by Jay Griffiths

I picked up this book at Barnes and Noble just before Kim and I left for our Drive Across America, both because it was recommended by the Barnes and Noble staff, and because it looked like one of those physics books that waxes poetic or philosophical – which type of book I tend to like, dependent on the author.

The book, however, is more deconstructionist or sociological. The theme of the book, when it’s boiled down, is that there is a wild, natural, circular, feminine time – time which ebbs and flows with the seasons, with the phases of the moon, with the menstrual period, with the cycles that appear in nature. This time cannot be easily broken into regular minutes and seconds, because each cycle may not contain the same number of minutes and seconds, but it is regular and reliable and our bodies and minds and souls are built to work off this kind of time. The other kind of time – regular, Christian, linear, and masculine – solar time, counted on cesium clocks, the kind of time that is money, the kind of time that regulates business and leaves no room for play – this Western time has colonized and is continuing to colonize Wild Time, and that is no good. It may make someone some bucks, but it leaves everyone unhappy.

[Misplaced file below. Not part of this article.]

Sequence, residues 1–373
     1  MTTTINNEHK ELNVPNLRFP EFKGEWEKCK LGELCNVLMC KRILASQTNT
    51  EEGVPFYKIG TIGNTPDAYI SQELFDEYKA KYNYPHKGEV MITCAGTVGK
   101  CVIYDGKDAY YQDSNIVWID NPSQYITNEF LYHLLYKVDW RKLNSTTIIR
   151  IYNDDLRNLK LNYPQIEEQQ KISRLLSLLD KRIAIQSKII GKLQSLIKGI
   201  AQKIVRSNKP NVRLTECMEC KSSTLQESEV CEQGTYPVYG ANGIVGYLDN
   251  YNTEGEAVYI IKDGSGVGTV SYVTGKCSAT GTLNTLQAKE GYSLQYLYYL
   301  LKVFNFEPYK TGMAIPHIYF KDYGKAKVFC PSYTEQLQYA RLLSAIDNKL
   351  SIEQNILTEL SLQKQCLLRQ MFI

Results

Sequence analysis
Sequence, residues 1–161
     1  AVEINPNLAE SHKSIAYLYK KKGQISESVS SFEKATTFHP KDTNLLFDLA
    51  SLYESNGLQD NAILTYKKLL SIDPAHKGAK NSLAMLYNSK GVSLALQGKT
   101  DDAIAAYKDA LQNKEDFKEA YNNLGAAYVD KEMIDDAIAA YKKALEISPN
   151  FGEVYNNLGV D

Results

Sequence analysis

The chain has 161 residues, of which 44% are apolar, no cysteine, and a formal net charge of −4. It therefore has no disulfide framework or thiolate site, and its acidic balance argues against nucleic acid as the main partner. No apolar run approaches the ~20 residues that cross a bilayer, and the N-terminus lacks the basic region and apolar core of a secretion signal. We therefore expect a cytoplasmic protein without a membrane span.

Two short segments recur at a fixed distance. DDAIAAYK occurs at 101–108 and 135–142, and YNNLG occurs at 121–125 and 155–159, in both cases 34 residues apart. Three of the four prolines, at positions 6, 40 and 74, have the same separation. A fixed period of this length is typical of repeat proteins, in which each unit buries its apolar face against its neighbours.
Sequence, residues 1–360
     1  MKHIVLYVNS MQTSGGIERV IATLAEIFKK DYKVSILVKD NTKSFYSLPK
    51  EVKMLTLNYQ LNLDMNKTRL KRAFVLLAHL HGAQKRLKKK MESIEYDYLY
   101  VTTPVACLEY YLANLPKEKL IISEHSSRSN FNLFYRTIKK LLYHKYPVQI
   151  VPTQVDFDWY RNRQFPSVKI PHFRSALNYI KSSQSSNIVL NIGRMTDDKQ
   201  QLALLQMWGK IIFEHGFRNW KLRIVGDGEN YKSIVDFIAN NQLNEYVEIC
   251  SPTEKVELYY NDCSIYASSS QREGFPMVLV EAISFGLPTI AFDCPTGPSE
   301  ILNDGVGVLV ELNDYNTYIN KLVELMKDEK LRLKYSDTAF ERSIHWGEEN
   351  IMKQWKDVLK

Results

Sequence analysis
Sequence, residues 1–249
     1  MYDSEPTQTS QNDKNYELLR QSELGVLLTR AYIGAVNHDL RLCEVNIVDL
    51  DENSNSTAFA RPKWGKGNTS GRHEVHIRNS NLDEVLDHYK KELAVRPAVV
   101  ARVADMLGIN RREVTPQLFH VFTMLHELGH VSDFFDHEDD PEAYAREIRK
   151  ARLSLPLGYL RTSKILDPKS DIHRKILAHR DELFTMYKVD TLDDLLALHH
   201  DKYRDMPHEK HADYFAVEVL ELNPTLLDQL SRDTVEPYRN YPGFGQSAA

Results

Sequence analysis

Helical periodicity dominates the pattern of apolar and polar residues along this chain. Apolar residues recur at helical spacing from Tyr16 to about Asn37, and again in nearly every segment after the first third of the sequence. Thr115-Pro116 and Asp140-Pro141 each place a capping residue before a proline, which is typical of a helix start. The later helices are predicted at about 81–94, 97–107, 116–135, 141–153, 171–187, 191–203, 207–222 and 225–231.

Essentially, the whole book just repeats this theme over and over again; it’s repetition and lack of any significant new idea after the first chapter is its biggest fault. It is philosophical and poetical, however, and Ms. Griffiths’ turns of a phrase often rewards continued reading. The book is an interesting essay, but it’s about 200 pages longer than it needs to be.

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